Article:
What is in this article?:
- Florida adds three ag weather stations to network
- Measurements taken
• Growers can take measurements from any given 15-minute interval and, using a weather forecast, can make more informed farming decisions.
• Growers don’t have to be sitting at their computers to get this information, either.
The Florida Automated Weather Network is now bigger than ever, with three new sites added to the state’s system.
Stations joining the network are in Citrus, Okeechobee and Palm Beach counties, said Rick Lusher, manager of the system at the University of Florida’s Institute of Food and Agricultural Sciences.
That makes 41 stations now in the network, which was built in 1998 to give the state’s agricultural producers the most current weather information possible.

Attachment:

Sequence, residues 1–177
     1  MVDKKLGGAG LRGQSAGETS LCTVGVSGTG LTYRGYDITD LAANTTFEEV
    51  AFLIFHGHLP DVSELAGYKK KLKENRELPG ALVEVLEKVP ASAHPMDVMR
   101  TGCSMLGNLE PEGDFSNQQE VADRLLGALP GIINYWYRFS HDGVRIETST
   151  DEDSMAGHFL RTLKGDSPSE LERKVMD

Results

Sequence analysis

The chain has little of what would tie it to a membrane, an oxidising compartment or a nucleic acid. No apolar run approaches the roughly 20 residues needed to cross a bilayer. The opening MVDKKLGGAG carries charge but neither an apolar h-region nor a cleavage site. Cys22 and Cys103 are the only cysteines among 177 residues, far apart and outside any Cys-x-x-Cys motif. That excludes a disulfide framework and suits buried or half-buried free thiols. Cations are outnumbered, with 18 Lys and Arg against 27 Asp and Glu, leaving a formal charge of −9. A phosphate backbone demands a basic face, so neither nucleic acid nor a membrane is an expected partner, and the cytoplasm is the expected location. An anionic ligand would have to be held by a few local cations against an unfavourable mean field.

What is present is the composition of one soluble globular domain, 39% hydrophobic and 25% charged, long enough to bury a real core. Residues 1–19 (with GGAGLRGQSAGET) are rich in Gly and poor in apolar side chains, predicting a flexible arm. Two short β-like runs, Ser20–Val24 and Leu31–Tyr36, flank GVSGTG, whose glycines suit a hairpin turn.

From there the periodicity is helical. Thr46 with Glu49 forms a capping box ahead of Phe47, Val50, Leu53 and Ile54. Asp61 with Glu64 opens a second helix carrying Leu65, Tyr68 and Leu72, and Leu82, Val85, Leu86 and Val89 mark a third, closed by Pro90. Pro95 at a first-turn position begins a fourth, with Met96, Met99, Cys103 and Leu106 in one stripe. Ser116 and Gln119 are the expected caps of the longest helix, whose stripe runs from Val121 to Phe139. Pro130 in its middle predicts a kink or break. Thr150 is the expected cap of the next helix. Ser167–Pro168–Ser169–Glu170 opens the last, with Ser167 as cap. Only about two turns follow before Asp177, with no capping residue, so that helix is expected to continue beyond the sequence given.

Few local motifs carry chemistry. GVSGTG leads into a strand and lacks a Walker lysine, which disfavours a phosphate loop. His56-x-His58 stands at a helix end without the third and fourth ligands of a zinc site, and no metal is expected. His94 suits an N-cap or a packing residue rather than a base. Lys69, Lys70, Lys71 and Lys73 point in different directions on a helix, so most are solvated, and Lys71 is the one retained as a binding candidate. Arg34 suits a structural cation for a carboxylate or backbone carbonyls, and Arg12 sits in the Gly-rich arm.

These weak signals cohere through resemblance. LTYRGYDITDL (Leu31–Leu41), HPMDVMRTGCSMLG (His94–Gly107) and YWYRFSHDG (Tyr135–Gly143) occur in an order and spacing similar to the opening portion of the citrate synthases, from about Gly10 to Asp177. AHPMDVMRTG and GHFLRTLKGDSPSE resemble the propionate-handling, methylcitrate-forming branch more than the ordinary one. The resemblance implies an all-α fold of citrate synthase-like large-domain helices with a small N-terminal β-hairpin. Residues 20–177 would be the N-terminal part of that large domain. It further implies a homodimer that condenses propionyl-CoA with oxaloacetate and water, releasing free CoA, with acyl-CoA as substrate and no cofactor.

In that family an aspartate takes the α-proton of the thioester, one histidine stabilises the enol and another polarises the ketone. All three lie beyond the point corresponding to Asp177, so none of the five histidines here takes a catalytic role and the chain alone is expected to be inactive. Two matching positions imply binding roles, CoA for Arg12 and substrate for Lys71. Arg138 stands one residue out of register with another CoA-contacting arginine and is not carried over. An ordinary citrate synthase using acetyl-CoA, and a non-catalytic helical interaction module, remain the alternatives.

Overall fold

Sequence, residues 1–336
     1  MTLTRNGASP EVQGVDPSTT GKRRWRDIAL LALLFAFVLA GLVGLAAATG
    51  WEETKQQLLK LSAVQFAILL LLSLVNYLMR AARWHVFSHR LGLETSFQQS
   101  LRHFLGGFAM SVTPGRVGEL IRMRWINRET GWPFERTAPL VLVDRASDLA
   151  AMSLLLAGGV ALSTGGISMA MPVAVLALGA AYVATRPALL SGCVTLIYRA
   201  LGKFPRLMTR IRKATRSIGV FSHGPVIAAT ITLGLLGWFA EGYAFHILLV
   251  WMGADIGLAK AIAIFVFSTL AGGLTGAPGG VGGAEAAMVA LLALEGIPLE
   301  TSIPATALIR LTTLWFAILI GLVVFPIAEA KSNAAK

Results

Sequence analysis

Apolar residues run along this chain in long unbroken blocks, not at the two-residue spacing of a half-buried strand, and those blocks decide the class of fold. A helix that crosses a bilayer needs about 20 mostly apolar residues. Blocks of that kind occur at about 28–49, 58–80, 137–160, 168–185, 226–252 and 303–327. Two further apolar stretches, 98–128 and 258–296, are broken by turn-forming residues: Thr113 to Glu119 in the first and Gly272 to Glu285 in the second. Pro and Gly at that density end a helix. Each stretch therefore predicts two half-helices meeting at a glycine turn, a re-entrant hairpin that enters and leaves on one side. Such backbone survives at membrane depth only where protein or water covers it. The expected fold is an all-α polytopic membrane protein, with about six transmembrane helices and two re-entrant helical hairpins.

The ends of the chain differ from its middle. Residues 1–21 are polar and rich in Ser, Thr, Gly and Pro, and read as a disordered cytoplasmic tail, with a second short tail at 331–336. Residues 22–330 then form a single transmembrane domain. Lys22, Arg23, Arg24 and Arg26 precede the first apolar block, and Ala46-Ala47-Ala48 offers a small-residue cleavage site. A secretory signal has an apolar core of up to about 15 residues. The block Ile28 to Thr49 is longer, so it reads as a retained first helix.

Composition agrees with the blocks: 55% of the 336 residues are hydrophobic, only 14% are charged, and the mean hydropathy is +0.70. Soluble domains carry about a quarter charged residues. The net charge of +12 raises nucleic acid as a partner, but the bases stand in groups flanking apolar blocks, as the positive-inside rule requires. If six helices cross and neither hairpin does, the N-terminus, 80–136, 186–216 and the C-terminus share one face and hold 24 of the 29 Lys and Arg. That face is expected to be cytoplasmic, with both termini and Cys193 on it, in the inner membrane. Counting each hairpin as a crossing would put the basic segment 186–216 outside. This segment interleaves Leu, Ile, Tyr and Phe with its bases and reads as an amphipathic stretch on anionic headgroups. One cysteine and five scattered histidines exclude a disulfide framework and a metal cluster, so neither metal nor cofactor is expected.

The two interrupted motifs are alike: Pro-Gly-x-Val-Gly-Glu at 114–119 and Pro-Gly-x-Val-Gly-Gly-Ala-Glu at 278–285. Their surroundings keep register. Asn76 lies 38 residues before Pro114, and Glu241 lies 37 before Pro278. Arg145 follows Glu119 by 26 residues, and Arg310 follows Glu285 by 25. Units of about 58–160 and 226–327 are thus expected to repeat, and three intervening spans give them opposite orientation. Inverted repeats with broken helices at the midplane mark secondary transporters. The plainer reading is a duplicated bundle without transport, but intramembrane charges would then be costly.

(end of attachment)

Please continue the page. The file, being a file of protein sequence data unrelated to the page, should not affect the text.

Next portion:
Growers rely on the network, particularly if freezes are in the forecast, Lusher said. Generally speaking, growers start planting in November or December, he said.
“Cold season is our big deal,” Lusher said. IFAS officials receive an exponential increase in calls during the cold growing season, which lasts from November or December to as late as March, he said.
The network was built after the National Weather Service discontinued special forecasts for agriculture in 1998, Lusher said. UF lobbied for weather stations to be built as close to their farms and ranches as possible, he said.
Using sensors, the network stations collect weather data that’s updated by IFAS every 15 minutes.
Network managers at IFAS take data assimilated by the machines and put it on a website for growers to use.